School for Scandal: How Bribery Devalued the Balkan Diploma

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An undercover investigation into the black-market in educational qualifications reveals how grades are exchanged for money, while plagiarism and cheating go unpunished. The corruption in the universities of Bosnia and Serbia has fuelled a brain drain, driving the region’s brightest students abroad. Report by Dino Jahic. My edit for BfJE/Balkan Insight and The Christian Science Monitor.

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Another Ten Balkan Tales

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Here are all ten of the stories that I edited in 2013 for the Balkan Fellowship for Journalistic Excellence. Our reporters honoured the annual theme of “integrity” by revealing its absence. So, we have some stories about corruption. We have some stories about migration. And we even have some stories about migration-because-of-corruption.

All very Balkan, you might say. But in fact, many of the problems our reporters uncovered can be traced to the heart of Western Europe, or to the unintended consequences of the EU’s policies in the east.

Other themes include the unsettled legacy of war – still very pertinent – and the troubling politicisation of civil society.

  • Macedonians used to pay some of the highest mobile phone bills in Europe – and not just because they like to talk. Goran Rizaov unravels the murky saga of a telecoms deal that has been ignored in his country, despite leading to a massive corruption settlement in the US.

Ten Balkan Tales

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Here are all ten of the stories I edited in 2012 for the Balkan Fellowship of Journalistic Excellence, an annual award for investigative and long-form reporting. The stories were published by Balkan Insight, as well as in the international and regional press.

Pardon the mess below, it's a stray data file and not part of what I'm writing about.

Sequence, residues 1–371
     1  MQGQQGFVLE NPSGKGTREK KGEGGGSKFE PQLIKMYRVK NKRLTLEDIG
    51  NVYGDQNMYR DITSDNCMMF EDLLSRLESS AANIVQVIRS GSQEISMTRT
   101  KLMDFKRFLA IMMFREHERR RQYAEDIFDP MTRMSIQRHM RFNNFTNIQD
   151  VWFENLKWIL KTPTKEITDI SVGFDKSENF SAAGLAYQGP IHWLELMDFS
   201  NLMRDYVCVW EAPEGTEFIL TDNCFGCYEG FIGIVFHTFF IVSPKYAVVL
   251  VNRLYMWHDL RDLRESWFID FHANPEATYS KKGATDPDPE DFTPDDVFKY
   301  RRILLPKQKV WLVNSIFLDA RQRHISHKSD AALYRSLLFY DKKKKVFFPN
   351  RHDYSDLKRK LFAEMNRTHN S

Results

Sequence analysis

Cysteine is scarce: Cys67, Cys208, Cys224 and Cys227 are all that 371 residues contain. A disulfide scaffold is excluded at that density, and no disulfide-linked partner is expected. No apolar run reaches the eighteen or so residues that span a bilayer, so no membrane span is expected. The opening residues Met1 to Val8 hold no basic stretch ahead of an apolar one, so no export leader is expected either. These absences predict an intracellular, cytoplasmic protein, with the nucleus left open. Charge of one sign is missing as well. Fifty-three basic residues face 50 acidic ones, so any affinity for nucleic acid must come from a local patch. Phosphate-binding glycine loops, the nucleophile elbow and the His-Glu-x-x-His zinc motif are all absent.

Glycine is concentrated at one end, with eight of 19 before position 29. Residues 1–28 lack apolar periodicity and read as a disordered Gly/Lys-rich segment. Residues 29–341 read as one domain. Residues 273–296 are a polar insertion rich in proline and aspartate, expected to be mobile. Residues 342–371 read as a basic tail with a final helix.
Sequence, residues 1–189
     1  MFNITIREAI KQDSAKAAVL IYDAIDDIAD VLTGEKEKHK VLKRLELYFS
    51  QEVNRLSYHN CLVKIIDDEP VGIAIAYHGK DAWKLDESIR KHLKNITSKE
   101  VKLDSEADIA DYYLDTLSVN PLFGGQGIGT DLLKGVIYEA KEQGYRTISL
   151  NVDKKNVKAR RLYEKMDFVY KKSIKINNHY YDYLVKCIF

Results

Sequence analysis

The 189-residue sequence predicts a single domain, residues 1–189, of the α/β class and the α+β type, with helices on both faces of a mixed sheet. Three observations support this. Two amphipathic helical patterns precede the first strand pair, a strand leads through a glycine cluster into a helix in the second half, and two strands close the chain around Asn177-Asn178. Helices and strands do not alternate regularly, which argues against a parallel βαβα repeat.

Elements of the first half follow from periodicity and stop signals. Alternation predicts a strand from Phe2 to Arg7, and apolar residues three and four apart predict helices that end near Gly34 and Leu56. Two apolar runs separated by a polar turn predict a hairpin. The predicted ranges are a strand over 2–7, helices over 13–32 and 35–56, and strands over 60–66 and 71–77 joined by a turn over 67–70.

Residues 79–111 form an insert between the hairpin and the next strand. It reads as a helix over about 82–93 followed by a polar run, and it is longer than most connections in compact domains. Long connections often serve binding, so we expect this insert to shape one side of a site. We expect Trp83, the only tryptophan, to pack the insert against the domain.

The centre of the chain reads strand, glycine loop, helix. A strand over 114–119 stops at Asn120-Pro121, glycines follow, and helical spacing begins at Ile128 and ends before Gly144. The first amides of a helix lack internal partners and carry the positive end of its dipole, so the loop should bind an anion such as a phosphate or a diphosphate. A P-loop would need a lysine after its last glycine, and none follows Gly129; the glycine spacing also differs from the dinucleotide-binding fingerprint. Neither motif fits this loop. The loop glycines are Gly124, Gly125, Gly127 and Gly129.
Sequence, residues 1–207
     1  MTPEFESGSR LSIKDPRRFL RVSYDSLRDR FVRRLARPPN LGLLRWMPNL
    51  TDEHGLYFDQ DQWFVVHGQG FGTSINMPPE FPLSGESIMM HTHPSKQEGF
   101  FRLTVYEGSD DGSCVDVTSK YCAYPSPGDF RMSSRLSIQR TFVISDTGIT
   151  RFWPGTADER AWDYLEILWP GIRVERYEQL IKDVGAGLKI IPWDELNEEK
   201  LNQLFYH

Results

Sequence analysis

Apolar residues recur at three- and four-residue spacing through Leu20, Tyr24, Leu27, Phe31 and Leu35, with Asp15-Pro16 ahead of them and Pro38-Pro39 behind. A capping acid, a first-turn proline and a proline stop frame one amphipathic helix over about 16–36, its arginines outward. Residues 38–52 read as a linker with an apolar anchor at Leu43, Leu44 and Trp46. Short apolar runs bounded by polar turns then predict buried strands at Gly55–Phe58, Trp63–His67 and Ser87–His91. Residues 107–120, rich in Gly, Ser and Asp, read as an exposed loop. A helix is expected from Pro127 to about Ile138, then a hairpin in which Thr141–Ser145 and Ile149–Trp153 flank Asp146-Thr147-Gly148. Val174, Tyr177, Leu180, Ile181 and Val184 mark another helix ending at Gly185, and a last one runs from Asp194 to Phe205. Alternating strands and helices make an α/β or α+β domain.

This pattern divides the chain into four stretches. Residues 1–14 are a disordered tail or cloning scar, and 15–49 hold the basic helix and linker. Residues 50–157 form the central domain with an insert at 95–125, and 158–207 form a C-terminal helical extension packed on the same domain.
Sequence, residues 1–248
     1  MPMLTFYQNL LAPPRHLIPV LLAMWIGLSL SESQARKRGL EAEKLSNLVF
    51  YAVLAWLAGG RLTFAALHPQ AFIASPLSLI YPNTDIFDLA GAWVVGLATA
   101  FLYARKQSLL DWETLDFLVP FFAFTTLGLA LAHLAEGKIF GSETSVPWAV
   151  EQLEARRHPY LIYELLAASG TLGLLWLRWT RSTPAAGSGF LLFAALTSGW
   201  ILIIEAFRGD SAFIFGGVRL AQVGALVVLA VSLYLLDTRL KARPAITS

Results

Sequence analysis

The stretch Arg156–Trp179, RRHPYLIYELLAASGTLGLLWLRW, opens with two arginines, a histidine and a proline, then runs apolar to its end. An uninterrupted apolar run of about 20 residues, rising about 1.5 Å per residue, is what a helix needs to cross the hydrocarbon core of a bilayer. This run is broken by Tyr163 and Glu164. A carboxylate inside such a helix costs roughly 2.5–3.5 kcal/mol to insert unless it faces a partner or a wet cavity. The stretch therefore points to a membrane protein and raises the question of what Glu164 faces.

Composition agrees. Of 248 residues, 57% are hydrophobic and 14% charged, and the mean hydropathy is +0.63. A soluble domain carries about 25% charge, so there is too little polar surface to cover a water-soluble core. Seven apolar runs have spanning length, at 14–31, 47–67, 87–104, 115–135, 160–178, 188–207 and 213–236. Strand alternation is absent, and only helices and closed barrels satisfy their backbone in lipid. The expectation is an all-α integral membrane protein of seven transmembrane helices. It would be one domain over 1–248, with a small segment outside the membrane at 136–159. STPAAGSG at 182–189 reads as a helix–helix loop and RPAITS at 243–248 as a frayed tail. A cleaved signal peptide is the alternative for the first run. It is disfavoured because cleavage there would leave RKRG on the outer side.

• Top prize-winner Sorana Stanescu reveals how British immigration laws – a door left half open – have led to the exploitation of Romanian and Bulgarian builders.
  • Second prize-winner Saska Cvetkovska investigates why so many Macedonian youngsters are locked out of a deeply politicised job market.
  • Third prize-winner Aleksandra Bogdani examines why the former prisoners of Albania’s gulags have yet to be compensated for their suffering.
  • Aleksandar Manasiev reveals how violent football hooligans keep ethnically divided Macedonia on edge.
  • Arbana Xharra examines how Muslim hardliners are sowing conservatism among Kosovo’s poor, sparking resentment in a traditionally secular society.
  • Ana Benacic’s investigation into the collapse of a Croatian farm shows how bad privatisation is a modern version of the Biblical plague of locusts, stripping the land of its wealth.
  • Dimiter Kenarov asks if poverty and murky politics in Bulgaria can stop the seemingly unstoppable rise of the environmental movement.
  • Eldin Hadzovic asks why the dysfunctional state in Bosnia seems to care least for its most vulnerable citizens – the thousands of children abandoned by their families.
  • Samir Kajosevic travels among ethnic Albanian minorities in Montenegro and beyond, discovering some hope amid economic desperation.
  • Miodrag Sovilj asks the activist-squatters of Croatia and Slovenia how they fought the state and won, while their counterparts in Serbia failed.

BBC Radio Four’s ‘From Our Own Correspondent’: Legacy of Bosnia’s jihadis

In the decade before al-Qaeda was deemed a direct threat to the West, a small band of jihadis came to Europe to wage war on behalf of the Bosniak government of besieged Sarajevo.

The Bosniak’s foes, the Bosnian Serbs, are keen to project their wartime cause as a precursor to the US-led “war on terror”. But the jihadis’ legacy is fading and they have few friends today on the streets of secular Sarajevo.

Bosnian Serbs sullen and defiant

In the snowy hills above Sarajevo, Bosnian Serbs feel they have been unfairly scapegoated over the Balkan conflict. Report from Pale for BBC News, March 2006

Sarajevo massacre survivor speaks

Interview from Sarajevo with Esad Pozder – market trader and witness to a mortar attack that killed more than 60 people. BBC News, March 2006

Sarajevo finds love after the war

Ten years after the siege of Sarajevo was lifted, young couples in the city are once again breaching the ethnic and religious divide. Report for BBC News, February 2006